New York AB 2976 Allows a superior court to order bail or recognizance for a defendant who has been convicted of a class A-II felony if the defendant is providing, or has agreed to provide material assistance

New York AB 3608 Directs courts to exonerate bail and order recognizance when no grand jury action has occurred for 45 days from arraignment, unless the people show good cause otherwise.

New York AB 4559 & New York SB 4799 Defines the crimes that would lead a defendant to be categorized as a “person who must be committed to the custody of the sheriff” and as such would not be eligible for release on recognizance or bail except in line with certain mitigating circumstances

New York AB 5013 Provides that where a criminal action is pending in a local criminal court or a superior court, the district attorney upon motion, may seek an order from the Appellate Division of the Department in which the action is pending to fix bail whenever he determines the amount of bail as fixed is inadequate or disproportionate.

New York AB 6705 Authorizes and directs courts to deny orders of recognizance or bail where the defendant poses a risk of danger to the community.

New York SB 2872 Requires the commissioner of insurance to conduct a study to identify problems and concerns regarding the bail bond business and to present his or her findings to the legislature.

New York SB 2930 Requires the incarceration of a defendant, pending a bail revocation hearing, upon filing of a statement alleging the intimidation of a victim or witness while such defendant was at liberty on bail; requires revocation hearing within 72 hours.

Pennsylvania HB 618 & Pennsylvania SB 510 Provides there shall be no right to bail pending appeal or sentencing for a defendant convicted of an sexual offense listed under section 9795.1 (relating to registration) if the victim of the offense was under 18 years of age at the time of its commission.

Pennsylvania SB 44 Establishes Bail Bond Enforcement Agent Act. Provides no person shall represent himself as or act in the capacity of a bail bond enforcement agent unless the person has met the requirements of the act.

Rhode Island HB 6155 &  Rhode Island SB 1005 Would require the court and the attorney general to take additional steps in order to forfeit a bail bondsman surety and gives the bail bondsman additional rights regarding the posting and terminating of bail.

Vermont legislature prepares to vote on all five members of state’s supreme court

Through a quirk in timing, all five members of the Vermont Supreme Court are up for a retention vote this year.

Sections 32-34 of the Vermont Constitution establish the procedure for the filling of judicial vacancies in the state’s courts. Vacancies are filled by the Governor from a list of nominees presented by a judicial nominating body established by the General Assembly. The judges then must get Senate confirmation. They serve for six years and may then submit their names to the full General Assembly. The judges are automatically continued in office “unless a majority of the members of the General Assembly voting on the question vote against continuation in office.”

State statutes require a Joint Committee on Judicial Retention conduct at least two public hearings on the re-appointments by March 10 and that the General Assembly vote by March 17. The same statutes, however, allow for extensions of time, which is precisely what JRS 20 is intended to do, extending the deadline for the General Assembly’s vote to March 24.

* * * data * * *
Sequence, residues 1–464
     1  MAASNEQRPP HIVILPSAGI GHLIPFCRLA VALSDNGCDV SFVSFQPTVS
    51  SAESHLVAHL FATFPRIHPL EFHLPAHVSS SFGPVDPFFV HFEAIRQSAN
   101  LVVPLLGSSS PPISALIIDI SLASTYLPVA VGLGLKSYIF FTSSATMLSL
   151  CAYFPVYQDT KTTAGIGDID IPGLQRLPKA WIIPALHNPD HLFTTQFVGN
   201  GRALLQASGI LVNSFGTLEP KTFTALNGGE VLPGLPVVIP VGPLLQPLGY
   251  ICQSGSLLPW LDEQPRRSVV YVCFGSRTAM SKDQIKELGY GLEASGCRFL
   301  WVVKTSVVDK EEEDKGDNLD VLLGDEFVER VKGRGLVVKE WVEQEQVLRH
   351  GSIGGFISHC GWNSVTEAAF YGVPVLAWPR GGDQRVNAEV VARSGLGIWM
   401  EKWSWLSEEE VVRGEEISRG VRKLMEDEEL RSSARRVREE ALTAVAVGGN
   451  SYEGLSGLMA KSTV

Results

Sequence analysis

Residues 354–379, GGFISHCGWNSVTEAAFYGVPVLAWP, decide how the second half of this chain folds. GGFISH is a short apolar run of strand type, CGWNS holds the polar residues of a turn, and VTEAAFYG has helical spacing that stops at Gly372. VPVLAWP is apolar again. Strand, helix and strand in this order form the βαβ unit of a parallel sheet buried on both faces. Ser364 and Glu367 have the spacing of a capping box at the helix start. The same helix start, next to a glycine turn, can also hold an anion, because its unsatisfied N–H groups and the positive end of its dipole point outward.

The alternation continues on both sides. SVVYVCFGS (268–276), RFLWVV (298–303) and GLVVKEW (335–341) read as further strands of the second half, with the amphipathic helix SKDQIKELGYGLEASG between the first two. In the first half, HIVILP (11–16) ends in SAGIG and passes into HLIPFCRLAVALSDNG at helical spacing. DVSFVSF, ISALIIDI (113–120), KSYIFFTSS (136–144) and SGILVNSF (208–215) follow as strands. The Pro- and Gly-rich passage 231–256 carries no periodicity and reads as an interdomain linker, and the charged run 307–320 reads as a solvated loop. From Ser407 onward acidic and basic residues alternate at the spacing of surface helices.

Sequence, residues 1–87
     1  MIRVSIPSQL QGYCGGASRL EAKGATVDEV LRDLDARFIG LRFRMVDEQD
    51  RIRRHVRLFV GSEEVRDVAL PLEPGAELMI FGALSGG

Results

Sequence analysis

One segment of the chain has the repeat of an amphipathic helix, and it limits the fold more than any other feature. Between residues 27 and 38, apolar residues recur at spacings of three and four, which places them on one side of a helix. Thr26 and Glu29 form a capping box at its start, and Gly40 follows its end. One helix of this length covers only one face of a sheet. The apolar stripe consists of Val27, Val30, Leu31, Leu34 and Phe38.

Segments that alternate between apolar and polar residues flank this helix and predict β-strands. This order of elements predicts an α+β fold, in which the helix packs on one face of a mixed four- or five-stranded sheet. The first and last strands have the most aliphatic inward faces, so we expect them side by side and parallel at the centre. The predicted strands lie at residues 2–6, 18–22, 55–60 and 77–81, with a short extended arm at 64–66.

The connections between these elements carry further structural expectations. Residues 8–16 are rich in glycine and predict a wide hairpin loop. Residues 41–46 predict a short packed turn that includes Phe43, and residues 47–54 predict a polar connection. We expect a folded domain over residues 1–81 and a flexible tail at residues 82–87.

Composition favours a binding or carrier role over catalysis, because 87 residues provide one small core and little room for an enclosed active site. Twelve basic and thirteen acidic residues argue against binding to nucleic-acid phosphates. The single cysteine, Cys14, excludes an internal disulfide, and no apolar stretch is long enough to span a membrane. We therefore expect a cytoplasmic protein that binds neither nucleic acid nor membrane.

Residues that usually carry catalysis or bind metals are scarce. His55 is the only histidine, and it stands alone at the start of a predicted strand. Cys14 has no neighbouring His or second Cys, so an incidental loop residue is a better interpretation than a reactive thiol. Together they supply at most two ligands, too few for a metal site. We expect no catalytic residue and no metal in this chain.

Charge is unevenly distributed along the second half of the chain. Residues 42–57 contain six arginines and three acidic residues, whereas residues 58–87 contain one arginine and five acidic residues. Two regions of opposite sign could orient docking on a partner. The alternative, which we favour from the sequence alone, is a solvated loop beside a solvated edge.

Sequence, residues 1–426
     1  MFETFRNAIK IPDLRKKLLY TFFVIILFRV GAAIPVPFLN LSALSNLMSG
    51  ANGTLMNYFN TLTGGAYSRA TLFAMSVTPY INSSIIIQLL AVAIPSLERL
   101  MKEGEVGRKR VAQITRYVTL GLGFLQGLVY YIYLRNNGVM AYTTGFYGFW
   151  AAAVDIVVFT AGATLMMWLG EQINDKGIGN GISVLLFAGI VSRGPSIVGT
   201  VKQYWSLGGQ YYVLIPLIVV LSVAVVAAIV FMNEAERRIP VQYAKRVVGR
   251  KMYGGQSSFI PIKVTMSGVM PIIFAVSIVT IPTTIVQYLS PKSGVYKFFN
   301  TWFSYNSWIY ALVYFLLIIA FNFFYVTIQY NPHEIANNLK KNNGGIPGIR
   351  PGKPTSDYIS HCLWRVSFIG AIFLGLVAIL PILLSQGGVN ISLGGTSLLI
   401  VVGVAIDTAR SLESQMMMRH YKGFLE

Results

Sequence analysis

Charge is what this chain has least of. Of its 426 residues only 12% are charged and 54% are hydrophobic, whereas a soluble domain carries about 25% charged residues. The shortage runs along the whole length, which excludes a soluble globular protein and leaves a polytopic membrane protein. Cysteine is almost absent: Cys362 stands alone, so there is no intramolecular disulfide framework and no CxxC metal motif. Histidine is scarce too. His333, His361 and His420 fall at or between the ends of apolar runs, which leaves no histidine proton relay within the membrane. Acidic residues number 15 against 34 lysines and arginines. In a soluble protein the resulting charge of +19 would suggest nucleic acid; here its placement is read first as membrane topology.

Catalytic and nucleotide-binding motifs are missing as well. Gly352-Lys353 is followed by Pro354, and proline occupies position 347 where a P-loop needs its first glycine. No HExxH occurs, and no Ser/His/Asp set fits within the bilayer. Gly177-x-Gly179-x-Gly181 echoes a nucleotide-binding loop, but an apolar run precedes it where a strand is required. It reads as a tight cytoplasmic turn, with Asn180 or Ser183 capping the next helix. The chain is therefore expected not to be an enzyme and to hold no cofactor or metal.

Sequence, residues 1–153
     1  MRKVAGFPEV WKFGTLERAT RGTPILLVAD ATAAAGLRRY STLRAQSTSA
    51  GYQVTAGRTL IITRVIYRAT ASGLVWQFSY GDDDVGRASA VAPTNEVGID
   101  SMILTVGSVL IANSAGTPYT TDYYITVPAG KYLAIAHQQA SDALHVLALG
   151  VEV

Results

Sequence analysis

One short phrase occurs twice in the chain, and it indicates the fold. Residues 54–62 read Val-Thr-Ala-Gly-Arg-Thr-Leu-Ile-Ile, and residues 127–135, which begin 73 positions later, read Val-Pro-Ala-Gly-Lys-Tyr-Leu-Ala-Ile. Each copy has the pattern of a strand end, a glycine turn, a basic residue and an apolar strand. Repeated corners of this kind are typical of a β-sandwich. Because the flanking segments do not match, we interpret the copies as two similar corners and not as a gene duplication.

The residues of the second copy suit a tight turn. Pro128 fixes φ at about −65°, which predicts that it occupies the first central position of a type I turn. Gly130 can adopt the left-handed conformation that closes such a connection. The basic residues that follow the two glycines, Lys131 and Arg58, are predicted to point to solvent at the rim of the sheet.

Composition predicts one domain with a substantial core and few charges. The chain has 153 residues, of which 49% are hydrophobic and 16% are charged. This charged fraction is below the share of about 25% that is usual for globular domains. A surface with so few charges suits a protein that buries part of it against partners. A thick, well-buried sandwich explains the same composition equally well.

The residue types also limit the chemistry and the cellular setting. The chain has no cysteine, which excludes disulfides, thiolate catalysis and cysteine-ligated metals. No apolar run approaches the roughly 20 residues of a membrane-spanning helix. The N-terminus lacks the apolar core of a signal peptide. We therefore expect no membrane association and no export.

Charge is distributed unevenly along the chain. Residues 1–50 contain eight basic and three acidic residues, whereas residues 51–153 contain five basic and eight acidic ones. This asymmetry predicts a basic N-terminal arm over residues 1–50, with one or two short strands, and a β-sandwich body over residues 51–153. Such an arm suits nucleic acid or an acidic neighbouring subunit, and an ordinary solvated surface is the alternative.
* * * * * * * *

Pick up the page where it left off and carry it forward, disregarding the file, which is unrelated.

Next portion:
JRS 20 was approved by the Senate on March 9 and is currently pending in the House.

VT: Committee approves bill to restructure entire state’s judiciary

In early February, I mentioned that Vermont was considering a bill to restructure the state’s entire judicial structure. The House Judiciary Committee approved that bill, with amendments, on March 16. The full text of the 181-page bill is available here. The bill now goes to the House Committee on Appropriations while the House Judiciary’s schedule indicates preparations are being made on March 19 for floor debate.

Vermont: Restructuring an entire state’s judiciary

For nearly a century, the states have debated whether and to what extent their state court systems should be unified. Even the word itself has been the subject of ontological discourse (“What does “unified” mean, anyway?) As the ongoing budget crises force courts to review the way in which they deliver their core services, unification (however defined) is once again being submitted as a possible solution.

HB 470 comes out of the recommendations of the state’s Commission on Judicial Operation which has said on its website that “Vermonters can no longer afford the inefficiencies of our outdated court system. ” The Commission itself was created at the request of the legislature to “reduce the judiciary’s budget and enhance the efficient and effective delivery of judicial services.”

The bill would consolidate judicial functions by eliminating the Probate, Family, and District Courts (click here for current court structure chart, courtesy of the NCSC Court Statistics Project) and “establish[ing] a unified court system under the administrative control of the Supreme Court.” This unified system would consist of the Supreme Court and Superior Court, the later to absorb the Probate, Family and District Courts. This new Superior Court would have four divisions: civil, criminal, family, and probate, which would have the same subject matter jurisdiction currently had by the current Superior, District, Family, and Probate courts. Additionally, the state’s probate and judicial districts would be redrawn with districts no longer drawn along county lines. Moreover, all judges of the new Superior Court would be required to be attorneys, a qualification currently not mandatory for Probate Court judges. Finally, the state’s “assistant judges” (non-attorneys who may serve as “side judges” on cases) would not longer be allowed  any judicial, adjudicative functions.

It remains to be seen whether this legislation will advance, and if so how far, before the legislature adjourns sometime in late April.